Khan agrees that the scholarships and fellowships help counselors-in-training to build key relationships.
“We often hear about the value of mentorship and connections that were made possible as a result of participating in the fellowship and scholarship programs,” she says. “It is common that even years after leaving the program, we still receive feedback about how the program positively shaped their entire graduate experience. Fellows and scholars have also shared that they feel valued, supported, and seen. There is a unique bond that occurs among all the cohorts, which seems to have become a tradition over the years.”
Pamela Fullerton, MA, MEd, NCC, LCPC, CCTP, C-DBT, is a 2021 MFP Doctoral Mental Health Counseling Fellow. In addition to pursuing her doctoral degree at Governors State University and working as a counselor and clinical supervisor, she is an adjunct instructor at Northeastern Illinois University and owner of Advocacy & Education Consulting. Along with two other NBCC MFP Fellows, Fullerton recently started an NBCCF Giving Circle to raise scholarship funds for undocumented counseling graduate students. When she received the call about her fellowship, she couldn’t believe it, she says.
“When I realized it was not a prank, I began crying and thanked the person a million times. I do not see much Latinx representation in the counseling field and as much research dedicated to the Latinx or undocumented communities. For the NBCC Foundation to recognize me for the work I do in these communities was more than I could ever ask for. It has given me the opportunity to find more platforms to discuss these communities with anyone willing to listen and to advocate for underserved communities even more. NBCC also gave me the opportunity to start a scholarship for undocumented counselors-in-training, and I am so grateful for their support in this endeavor as well.”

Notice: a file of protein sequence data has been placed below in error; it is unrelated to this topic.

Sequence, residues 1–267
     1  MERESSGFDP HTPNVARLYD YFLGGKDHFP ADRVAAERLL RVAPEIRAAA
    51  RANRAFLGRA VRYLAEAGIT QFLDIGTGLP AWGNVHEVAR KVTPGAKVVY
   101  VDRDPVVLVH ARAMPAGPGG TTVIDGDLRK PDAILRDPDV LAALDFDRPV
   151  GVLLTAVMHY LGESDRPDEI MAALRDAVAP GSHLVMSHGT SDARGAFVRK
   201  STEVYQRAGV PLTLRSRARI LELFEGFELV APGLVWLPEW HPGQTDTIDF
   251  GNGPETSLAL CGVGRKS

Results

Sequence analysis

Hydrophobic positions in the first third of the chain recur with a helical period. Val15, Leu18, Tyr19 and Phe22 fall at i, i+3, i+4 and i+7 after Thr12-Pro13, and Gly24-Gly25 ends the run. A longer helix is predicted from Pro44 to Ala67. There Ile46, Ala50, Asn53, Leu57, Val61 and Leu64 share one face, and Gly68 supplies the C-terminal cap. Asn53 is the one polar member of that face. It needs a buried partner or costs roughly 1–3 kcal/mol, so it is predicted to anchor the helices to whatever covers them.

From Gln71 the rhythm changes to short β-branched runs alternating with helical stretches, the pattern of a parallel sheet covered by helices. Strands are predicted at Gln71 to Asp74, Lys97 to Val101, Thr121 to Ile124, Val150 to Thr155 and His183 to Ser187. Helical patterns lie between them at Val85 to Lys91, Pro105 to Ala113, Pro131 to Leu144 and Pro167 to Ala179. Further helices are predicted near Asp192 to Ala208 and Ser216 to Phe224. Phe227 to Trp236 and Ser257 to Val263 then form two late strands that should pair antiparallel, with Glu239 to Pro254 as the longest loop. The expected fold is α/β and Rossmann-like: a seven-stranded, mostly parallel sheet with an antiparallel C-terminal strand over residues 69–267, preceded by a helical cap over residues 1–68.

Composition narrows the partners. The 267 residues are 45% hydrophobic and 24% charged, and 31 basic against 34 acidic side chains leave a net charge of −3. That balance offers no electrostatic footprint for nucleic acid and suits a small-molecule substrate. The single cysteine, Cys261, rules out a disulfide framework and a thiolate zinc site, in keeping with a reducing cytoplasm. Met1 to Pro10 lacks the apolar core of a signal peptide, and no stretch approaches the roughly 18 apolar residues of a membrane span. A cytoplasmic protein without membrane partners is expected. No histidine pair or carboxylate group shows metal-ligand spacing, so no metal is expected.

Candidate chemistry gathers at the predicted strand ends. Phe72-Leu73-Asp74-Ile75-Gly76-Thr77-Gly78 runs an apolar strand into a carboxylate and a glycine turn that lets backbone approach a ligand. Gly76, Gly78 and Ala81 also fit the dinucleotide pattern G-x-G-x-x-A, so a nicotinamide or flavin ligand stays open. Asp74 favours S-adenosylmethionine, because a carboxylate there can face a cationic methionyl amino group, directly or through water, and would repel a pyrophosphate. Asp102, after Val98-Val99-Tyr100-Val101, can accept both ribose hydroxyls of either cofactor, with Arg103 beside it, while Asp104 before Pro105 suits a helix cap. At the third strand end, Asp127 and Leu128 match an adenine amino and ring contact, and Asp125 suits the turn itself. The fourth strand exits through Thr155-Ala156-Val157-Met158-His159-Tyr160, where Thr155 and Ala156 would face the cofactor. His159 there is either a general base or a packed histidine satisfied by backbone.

The Foundation’s team especially enjoys hearing about the good work that counselors are doing in these communities.
“I enjoy getting to hear about the work that our fellows and scholars are doing around the country and world to positively impact and advocate for their communities,” Watkins Cherry says. “It’s incredible how motivated and passionate they each are about their work and the dedication they are giving to make sure that all individuals, including LGBTQIA+, Black, Brown, Asian, Latinx, immigrants, veterans, and so many other communities and people, have the care and resources they need. In a time when so many individuals’ existence in the world is being threatened, there are also so many incredible counselors and future counselors advocating for them and making sure they don’t just get the care they need but are also working to change the systems that continue to negatively affect those who are historically underserved in our country.”
“The most rewarding aspect of our work is the opportunity to experience the development and growth that our MFP Fellows and Scholars experience within in a short time frame,” Khan added. “During each year, we get to see the outcome of our programs and the difference in the lives of over 100 counselors in training. From serving LGBTQIA+ youth, to working with immigrants, to providing services to veterans, we are constantly inspired and motivated by the range of impact that they are making in their communities.”
The Foundation relies heavily on help from volunteers to administer its programs, Watkins Cherry says.
“We get hundreds of applications each year for just a few scholarship and fellowship spots,” she says. “It is 100% due to the dedication and support of volunteer application reviewers who help screen these applications that the final awards can be given. Volunteer mentors are also essential to helping our fellows and scholars while they’re in school and navigating becoming counselors or counselor educators. We have struggled at times, and in the last few years especially, to have enough volunteers to support our programs and ensure everyone has a mentor. We would love to have more counselors volunteer as reviewers and mentors and help make a difference in the life of a future counselor or counselor educator.”
More information about the NBCC Foundation can be found here:
Copyright ©2022 National Board for Certified Counselors, Inc. and Affiliates | All rights reserved.